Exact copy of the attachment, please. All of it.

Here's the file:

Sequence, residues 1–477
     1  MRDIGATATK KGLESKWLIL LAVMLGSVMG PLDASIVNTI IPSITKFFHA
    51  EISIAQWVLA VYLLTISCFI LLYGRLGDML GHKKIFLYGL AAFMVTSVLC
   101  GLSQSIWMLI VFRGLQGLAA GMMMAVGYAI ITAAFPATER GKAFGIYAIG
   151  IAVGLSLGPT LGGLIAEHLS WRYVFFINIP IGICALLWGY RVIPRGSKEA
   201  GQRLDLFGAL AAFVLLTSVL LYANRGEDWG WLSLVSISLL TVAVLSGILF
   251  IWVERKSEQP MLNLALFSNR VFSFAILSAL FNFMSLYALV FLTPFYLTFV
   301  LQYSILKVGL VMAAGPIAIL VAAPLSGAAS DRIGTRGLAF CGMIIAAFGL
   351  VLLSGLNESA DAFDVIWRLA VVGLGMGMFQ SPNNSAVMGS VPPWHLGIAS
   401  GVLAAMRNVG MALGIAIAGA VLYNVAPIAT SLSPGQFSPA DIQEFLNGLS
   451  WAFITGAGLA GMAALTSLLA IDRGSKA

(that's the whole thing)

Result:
Sequence, residues 1–477
     1  MRDIGATATK KGLESKWLIL LAVMLGSVMG PLDASIVNTI IPSITKFFHA
    51  EISIAQWVLA VYLLTISCFI LLYGRLGDML GHKKIFLYGL AAFMVTSVLC
   101  GLSQSIWMLI VFRGLQGLAA GMMMAVGYAI ITAAFPATER GKAFGIYAIG
   151  IAVGLSLGPT LGGLIAEHLS WRYVFFINIP IGICALLWGY RVIPRGSKEA
   201  GQRLDLFGAL AAFVLLTSVL LYANRGEDWG WLSLVSISLL TVAVLSGILF
   251  IWVERKSEQP MLNLALFSNR VFSFAILSAL FNFMSLYALV FLTPFYLTFV
   301  LQYSILKVGL VMAAGPIAIL VAAPLSGAAS DRIGTRGLAF CGMIIAAFGL
   351  VLLSGLNESA DAFDVIWRLA VVGLGMGMFQ SPNNSAVMGS VPPWHLGIAS
   401  GVLAAMRNVG MALGIAIAGA VLYNVAPIAT SLSPGQFSPA DIQEFLNGLS
   451  WAFITGAGLA GMAALTSLLA IDRGSKA